For a while, I was writing blog posts around identifing the fastest method for accomplishing particular goals. They can be found on my blog under the "performance stub" tag. This is the repository where I will collect all of the test code along with the framework I used to run the tests.
As I code, I like to make some light notes of alternatives while driving forward with the first implementation that makes it from my brain to my fingers. When I get the chance, I can go back and flesh out the two versions and drop them into some basic Stopwatch timing to determine which is better in terms of raw speed. Factoring those results with clarity of code, I have a method I will likely choose the next time I need the same feature.
Don't take these test results as any end-all answer. These are the numbers I got on some random computer I was using at the time. Feel free to use them as a starting point. If you are really digging into performance, you already know that everything can change once you put the code in question in its natural surroundings (e.g., Windows .NET vs. MonoTouch) or put it under load.
- Intel(R) Core(TM) i7-4850HQ CPU @ 2.30GHz [NOTE: Windows 8.1 running under VMware Fusion]
- Cores: 4
- Current Clock Speed: 2295
- Max Clock Speed: 2295
##Tests (so far)
###Getting object properties by name at runtime (concrete type)
###Getting object properties by name at runtime (dynamic ExpandoObject)
###Getting object properties by name at runtime (anonymous type)
###Getting first subtype item from a list
###Getting all subtype items from a list
Lookup tables have taken the lead over byte manipulation, especially if you are willing to play in the unsafe realm. Basically, there is some form of precomputing what any given nibble or byte will be in hex. Then, as you rip through the data, you simply look up the next portion to see what hex string it would be. That value is then added to the resulting string output in some fashion. For a long time byte manipulation, potentially harder to read by some developers, was the top-performing approach.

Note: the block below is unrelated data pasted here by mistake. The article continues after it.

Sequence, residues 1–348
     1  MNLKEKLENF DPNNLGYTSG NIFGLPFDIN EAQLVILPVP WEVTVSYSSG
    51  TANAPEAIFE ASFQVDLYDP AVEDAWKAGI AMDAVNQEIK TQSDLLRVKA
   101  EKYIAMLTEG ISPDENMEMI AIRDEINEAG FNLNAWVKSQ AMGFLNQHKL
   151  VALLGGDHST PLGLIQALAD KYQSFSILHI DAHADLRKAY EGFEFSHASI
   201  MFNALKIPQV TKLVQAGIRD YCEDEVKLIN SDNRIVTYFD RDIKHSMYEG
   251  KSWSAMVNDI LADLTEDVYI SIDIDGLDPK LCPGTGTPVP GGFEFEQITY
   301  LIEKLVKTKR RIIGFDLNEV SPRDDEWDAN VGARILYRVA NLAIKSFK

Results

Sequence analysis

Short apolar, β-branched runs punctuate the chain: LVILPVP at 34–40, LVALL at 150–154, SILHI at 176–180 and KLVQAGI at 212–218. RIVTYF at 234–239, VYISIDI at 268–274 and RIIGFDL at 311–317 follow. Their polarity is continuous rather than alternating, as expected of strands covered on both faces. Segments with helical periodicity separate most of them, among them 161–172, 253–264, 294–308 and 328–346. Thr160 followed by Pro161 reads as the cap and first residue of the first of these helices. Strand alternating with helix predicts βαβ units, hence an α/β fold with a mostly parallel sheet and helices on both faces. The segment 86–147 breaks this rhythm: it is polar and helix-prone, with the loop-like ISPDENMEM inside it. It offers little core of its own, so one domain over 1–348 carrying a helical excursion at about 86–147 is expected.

Your best bet is still going to be finding some representative data and trying it out in a production-like environment. If you have different memory constraints, you may prefer a method with fewer allocations to one that would be faster but consume more memory.
If you find something wrong with this stuff or have recommendations for the testing framework, don't hesitate to bring it up. If you have a test idea that would add some value to the world, feel free to write up something that implements
IPerformanceTest and submit it. New issues and pull requests are always welcome. If you submit it, I will assume you don't mind it becoming part of this project and subject to its MIT license.
MIT license. If you do something cool with it, though, I'd love to hear about it.